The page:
“Cornie” starts her shift at 6 p.m. nightly in the building where I work. With quiet concern she empties our trash cans. When I’m there late we share a cup of coffee. I don’t speak a word of her language and she doesn’t speak a word of mine, but we communicate with gestures and expressions while we talk in our own languages. I show her photos of my husband and son and she makes the sign of the cross. But she has no photos to show me. Those of us who are there late say I look like a giant next to her when she hugs me around my waist. I am only five feet, four inches tall, but Cornie is about two feet shorter than I am, yet she almost knocks me over with her prolonged squeeze.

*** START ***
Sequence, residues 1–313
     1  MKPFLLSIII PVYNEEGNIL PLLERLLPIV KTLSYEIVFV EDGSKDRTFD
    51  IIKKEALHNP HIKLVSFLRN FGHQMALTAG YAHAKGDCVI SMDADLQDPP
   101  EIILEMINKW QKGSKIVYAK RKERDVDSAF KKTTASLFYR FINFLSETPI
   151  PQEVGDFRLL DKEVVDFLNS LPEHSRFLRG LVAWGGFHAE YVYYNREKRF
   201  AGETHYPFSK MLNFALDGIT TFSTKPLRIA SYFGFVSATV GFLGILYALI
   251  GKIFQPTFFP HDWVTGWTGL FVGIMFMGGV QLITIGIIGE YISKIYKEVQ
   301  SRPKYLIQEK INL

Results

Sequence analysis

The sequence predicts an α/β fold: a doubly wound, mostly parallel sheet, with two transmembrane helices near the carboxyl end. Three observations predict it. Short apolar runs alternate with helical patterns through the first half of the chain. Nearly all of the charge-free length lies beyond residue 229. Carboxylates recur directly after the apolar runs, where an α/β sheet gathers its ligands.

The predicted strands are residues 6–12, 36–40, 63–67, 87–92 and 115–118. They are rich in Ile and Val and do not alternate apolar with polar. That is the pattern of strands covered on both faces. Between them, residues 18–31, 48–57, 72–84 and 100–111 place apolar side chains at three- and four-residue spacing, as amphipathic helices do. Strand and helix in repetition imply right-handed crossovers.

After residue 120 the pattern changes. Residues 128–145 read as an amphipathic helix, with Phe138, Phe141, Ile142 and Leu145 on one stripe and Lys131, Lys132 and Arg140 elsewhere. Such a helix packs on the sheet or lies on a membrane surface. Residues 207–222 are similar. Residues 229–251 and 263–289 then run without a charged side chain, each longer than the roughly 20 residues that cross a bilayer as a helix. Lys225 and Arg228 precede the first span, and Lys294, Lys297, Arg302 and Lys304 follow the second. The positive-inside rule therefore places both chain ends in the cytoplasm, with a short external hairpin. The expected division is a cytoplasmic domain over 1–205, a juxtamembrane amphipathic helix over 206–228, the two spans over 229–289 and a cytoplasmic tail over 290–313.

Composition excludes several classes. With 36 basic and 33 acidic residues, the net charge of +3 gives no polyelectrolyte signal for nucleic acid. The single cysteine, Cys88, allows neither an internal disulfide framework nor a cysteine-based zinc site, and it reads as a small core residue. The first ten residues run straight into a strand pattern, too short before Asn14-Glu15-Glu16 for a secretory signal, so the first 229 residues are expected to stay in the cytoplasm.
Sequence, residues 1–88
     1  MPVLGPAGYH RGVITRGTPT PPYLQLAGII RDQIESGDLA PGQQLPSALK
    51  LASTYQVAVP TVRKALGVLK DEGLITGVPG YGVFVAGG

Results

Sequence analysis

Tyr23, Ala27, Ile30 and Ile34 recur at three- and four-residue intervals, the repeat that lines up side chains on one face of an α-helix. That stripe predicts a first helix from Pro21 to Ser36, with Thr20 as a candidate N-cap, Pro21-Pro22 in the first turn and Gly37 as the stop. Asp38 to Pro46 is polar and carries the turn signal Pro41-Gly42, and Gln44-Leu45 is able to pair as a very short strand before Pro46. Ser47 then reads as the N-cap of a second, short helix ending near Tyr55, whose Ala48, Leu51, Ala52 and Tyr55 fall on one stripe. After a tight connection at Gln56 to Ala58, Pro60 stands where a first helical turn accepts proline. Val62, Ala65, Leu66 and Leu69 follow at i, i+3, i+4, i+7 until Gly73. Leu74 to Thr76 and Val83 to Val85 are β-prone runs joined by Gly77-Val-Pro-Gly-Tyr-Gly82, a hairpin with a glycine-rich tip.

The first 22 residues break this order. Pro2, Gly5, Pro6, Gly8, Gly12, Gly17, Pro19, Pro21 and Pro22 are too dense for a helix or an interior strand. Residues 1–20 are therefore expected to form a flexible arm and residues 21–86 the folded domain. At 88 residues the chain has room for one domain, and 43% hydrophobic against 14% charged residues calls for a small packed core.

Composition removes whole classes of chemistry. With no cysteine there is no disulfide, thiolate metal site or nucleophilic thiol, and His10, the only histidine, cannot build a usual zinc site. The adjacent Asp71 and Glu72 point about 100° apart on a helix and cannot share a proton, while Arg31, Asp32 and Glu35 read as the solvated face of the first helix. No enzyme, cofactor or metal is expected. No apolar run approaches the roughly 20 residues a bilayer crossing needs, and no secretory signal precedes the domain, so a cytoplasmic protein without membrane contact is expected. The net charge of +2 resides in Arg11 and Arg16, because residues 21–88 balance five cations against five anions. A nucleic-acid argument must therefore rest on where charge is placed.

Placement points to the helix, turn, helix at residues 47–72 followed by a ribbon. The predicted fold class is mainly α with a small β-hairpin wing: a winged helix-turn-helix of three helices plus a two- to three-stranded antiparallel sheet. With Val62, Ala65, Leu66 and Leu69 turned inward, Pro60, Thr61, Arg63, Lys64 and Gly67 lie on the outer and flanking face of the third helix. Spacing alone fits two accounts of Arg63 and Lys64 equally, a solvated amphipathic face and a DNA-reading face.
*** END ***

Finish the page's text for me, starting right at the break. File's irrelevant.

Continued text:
I could speculate about Cornie and what her life might be like, but she’s always humbly grateful for the coffee. I get to leave for the night but her night is just beginning. And, that’s an assumption, she might have been working all day for all I know. The coffee helps us both.
A few weeks before Christmas, I was sick. I pointed to my throat and whispered to Cornie that I couldn’t talk. I gestured not to come too close as I didn’t want to get her sick. She gave me a grandmotherly look and said something with a sympathetic tone. For the first time, I didn’t get up to make the coffee.
Several minutes later she came back and handed me a carefully-wrapped paper towel bundle. I opened it and there were several mini candy canes. She pointed to the candy canes, then to her throat and gestured something that instructed me to suck on the candy canes to help me feel better.
Selfless gifts of kindness are the best. Happy Ephiphany!